Outline emerges of last moments before Asiana plane crash in San Francisco
Jeff Chiu, Associated Press
SAN FRANCISCO — Nearly a week after Asiana Flight 214 collided with a rocky seawall just short of its intended airport runway, investigators have pieced together an outline of the event — what should have been a smooth landing by seasoned pilots turning into a disaster.
With each new bit of information, the picture emerging is of pilots who were supposed to be closely monitoring the plane's airspeed, but who didn't realize until too late that the aircraft was dangerously low and slow. Nothing disclosed so far by the National Transportation Safety Board investigators indicates any problems with the Boeing 777's engines or the functioning of its computers and automated systems.
"The first thing that's taught to a pilot is to look at the airspeed indicator. It is the most important instrument in the cockpit," said Lee Collins, a pilot with 29 years and 18,000 hours experience flying a variety of airliners. "Airspeed is everything. You have airspeed, you live. You don't, you die."
Investigators are still trying to nail down hundreds of details about the crash last Saturday that killed two people and injured dozens. NTSB Chairman Deborah Hersman has cautioned against reaching conclusions.
But investigators already know a great deal. They've listened to the Boeing 777's voice recorder, which captured the last two hours of conversation in the cockpit. They've downloaded its flight data recorder, which captured 1,400 indicators of what was happening on the plane, from the temperatures inside and out to the positions of cockpit instruments.
The flight's four pilots have been interviewed, as have passengers and dozens of witnesses. Air traffic control recordings and video of the flight's last moments, including the crash itself, have been examined.
Here's what investigators have revealed about a Seoul-to-San Francisco flight that was normal until its last minutes, when the wide-body jet carrying 307 people rapidly lost altitude:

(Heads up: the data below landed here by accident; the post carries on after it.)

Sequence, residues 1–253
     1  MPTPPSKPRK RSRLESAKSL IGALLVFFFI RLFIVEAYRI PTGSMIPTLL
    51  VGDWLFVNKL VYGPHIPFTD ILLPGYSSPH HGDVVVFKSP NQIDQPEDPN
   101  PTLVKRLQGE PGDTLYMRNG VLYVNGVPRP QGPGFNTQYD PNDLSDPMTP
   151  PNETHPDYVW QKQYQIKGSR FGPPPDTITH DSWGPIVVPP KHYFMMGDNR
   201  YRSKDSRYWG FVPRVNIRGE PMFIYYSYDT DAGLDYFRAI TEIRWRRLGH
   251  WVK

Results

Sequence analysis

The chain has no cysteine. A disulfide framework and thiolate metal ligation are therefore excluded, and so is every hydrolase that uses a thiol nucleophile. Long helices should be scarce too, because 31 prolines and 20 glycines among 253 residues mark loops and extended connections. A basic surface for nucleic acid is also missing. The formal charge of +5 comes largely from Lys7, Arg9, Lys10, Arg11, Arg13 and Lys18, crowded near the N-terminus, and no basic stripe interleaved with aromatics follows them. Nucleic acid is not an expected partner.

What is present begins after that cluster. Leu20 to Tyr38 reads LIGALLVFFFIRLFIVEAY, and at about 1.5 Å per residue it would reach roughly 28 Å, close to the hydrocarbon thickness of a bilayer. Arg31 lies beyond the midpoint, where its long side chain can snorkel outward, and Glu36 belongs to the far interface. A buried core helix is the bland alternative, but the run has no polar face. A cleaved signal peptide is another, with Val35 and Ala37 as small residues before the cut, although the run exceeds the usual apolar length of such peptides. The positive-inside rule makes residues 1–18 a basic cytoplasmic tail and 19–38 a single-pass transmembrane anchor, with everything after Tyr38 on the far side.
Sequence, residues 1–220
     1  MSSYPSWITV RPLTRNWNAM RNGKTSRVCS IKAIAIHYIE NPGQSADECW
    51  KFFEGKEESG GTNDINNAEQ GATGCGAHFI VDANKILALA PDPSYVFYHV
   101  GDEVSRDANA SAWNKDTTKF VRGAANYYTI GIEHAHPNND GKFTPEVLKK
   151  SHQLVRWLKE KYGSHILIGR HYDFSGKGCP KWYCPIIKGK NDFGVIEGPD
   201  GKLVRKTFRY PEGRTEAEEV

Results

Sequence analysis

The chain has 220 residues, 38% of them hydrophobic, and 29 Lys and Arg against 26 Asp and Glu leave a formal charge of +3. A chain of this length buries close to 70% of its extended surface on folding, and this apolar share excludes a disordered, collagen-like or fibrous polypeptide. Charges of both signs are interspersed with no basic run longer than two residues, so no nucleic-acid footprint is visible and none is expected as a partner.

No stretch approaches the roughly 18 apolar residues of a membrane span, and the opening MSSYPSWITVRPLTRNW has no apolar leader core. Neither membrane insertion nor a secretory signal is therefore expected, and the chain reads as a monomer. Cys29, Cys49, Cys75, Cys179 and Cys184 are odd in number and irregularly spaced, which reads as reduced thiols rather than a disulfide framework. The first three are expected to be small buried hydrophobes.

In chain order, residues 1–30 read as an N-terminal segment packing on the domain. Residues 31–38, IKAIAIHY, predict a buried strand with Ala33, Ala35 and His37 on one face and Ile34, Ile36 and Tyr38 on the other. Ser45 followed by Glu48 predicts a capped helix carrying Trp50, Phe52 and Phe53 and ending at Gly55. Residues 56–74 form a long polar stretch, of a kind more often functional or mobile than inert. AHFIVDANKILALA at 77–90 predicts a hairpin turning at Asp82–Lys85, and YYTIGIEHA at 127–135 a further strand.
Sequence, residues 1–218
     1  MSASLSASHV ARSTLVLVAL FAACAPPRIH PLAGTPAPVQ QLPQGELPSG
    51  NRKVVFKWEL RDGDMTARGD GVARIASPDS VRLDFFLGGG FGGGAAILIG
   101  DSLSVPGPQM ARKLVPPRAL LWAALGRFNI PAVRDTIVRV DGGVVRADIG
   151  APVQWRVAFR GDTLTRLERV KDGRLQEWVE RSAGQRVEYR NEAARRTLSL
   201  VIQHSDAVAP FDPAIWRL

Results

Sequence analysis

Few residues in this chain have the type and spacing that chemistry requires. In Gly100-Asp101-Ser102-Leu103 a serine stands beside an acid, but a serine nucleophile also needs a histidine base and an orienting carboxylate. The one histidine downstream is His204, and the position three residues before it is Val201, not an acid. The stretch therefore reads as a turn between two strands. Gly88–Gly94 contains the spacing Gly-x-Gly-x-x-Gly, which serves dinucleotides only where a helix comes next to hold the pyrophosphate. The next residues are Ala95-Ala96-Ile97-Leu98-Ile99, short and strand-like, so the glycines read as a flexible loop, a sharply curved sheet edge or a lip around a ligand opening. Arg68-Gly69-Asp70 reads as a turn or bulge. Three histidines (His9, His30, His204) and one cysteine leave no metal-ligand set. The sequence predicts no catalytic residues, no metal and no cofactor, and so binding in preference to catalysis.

The pilot flying the plane, Lee Gang-kuk, 46, had nearly 10,000 hours of flying experience, but just 35 hours flying a Boeing 777. He had recently completed training that qualified him to fly passengers in the 777, and was about halfway through his post-qualification training. He was seated in the left cockpit pilot seat. In the co-pilot position was Lee Jeong-Min, an experienced captain who was supervising Lee Gang-kuk's training. It was Lee Gang-kuk's first time landing a 777 in San Francisco.
At 11:19:23 PDT, after a nearly 11-hour flight, the plane was traveling over the San Francisco Peninsula. The weather was near perfect, sunny with light winds.
Lee Jeong-Min and a third pilot sitting in a jump seat just behind the main seats, a first officer, were supposed to be monitoring the plane's controls. One of their most important jobs was to closely monitor the plane's two airspeed indicators. In the U.S., if an amber bar is more than five knots above or below the target speed during landing, the pilot flying is supposed to abort and make another attempt, according to pilots interviewed by The Associated Press.
As the plane descended to 1,600 feet, the autopilot was turned off. At 1,400 feet, the plane's airspeed was about 170 knots.
The flight data recorder shows the plane's autothrottle — similar to a car's cruise control — was set on idle during the approach, Hersman said, and that there were multiple commands at times given to the autothrottle and autopilot.
At 11:26:58 and 1,000 feet, the pilots made contact with the airport tower. When they were cleared to land 12 seconds later, the plane's altitude had dropped to about 600 feet. The plane was configured for its approach and the landing gear was down. The airspeed was about 149 knots. A target speed of 137 knots was set.
At 500 feet there was an audible automated altitude alert. The airspeed was about 134 knots. At this point that pilots realized they weren't properly lined up with the runway, Hersman said.
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